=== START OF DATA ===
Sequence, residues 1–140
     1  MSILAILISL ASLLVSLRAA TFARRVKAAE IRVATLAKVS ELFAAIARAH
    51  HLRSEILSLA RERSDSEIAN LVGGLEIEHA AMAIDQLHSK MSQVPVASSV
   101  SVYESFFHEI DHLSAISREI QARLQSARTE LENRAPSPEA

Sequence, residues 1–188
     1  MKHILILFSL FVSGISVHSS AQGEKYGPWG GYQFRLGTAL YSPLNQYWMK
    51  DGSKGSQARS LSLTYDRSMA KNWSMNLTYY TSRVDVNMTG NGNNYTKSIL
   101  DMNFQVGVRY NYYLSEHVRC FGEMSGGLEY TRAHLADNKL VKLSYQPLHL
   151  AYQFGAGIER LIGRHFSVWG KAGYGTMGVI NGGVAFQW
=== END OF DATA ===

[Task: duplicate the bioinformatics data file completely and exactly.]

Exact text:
Sequence, residues 1–140
     1  MSILAILISL ASLLVSLRAA TFARRVKAAE IRVATLAKVS ELFAAIARAH
    51  HLRSEILSLA RERSDSEIAN LVGGLEIEHA AMAIDQLHSK MSQVPVASSV
   101  SVYESFFHEI DHLSAISREI QARLQSARTE LENRAPSPEA

Sequence, residues 1–188
     1  MKHILILFSL FVSGISVHSS AQGEKYGPWG GYQFRLGTAL YSPLNQYWMK
    51  DGSKGSQARS LSLTYDRSMA KNWSMNLTYY TSRVDVNMTG NGNNYTKSIL
   101  DMNFQVGVRY NYYLSEHVRC FGEMSGGLEY TRAHLADNKL VKLSYQPLHL
   151  AYQFGAGIER LIGRHFSVWG KAGYGTMGVI NGGVAFQW